[I'MTech] The rise in the number of connected devices will lead to increased congestion of frequencies available for data circulation. Non-Orthogonal Multiple Access (NOMA) is one of the techniques currently being studied to improve the hosting capacity of networks and avoid their saturation
To access the internet, a mobile phone must exchange information with base stations, devices commonly known as relay antennas. These data exchanges operate on frequency sub-bands, channels specific to each base station. To host multiple connected device users, a channel is attributed to each user. With the rise in the number of connected objects, there will not be enough sub-bands available to host them all.
To mitigate this problem, Catherine Douillard and Charbel Abdel Nour, telecommunications researchers at IMT Atlantique, have been working on NOMA: a system that places multiple users on the same channel, unlike the current system. “Rather than allocating a frequency band to each user, device signals are superposed on the same frequency band,” explains Catherine Douillard.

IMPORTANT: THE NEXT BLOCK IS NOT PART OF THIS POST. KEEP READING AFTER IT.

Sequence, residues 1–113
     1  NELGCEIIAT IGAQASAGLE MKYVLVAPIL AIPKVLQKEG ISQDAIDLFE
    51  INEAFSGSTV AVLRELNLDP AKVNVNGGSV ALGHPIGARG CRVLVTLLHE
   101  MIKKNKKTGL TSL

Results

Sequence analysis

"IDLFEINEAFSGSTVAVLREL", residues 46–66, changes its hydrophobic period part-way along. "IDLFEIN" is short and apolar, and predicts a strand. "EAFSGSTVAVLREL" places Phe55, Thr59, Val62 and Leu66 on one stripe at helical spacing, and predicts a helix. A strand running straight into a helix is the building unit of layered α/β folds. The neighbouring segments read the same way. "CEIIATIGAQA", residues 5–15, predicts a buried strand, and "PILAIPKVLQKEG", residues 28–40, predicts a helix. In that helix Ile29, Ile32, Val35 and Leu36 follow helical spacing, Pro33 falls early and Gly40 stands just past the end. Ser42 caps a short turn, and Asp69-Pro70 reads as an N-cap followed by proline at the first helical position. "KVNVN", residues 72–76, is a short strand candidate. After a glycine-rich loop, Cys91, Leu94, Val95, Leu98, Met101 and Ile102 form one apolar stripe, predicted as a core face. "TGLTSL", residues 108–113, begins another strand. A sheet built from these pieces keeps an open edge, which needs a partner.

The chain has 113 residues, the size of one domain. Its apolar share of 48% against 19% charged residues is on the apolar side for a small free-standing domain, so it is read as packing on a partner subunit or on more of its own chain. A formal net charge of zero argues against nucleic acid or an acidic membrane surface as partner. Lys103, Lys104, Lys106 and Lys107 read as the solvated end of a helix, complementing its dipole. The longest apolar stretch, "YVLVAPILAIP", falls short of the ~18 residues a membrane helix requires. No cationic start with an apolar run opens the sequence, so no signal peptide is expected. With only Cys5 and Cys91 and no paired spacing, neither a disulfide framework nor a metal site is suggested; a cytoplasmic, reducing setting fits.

“The essential idea of NOMA involves making a single antenna work to serve multiple users at the same time,” says Charbel Abdel Nour. And to go even further, the researchers are working on the Power-Domain NOMA, “an approach that aims to separate users sharing the same frequency on one or more antennas, according to their transmitting power,” continues Catherine Douillard. This system provides more equitable access to spectrum resources and available antennas across users. Typically, when a device encounters difficulties in accessing the network, it may try to access a resource already occupied by another user. However, the antenna transmitting power will be adapted so that the information sent by the device successfully arrives at its destination, while limiting ‘disturbances’ for the user.
Superposing multiple users on the same resource will cause problems in accessing it. For communication to work, the signals sent by the machine need to be received at sufficiently different strengths, so that the antennas can identify them. If the signal strengths are similar, the antennas will mix them up. This can cause interference, in other words, information jamming phenomena, which can hinder the smooth playing of a video or a round of an online game.
Interference: an intrinsic problem for NOMA...
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by Pierre-Hervé VAILLANT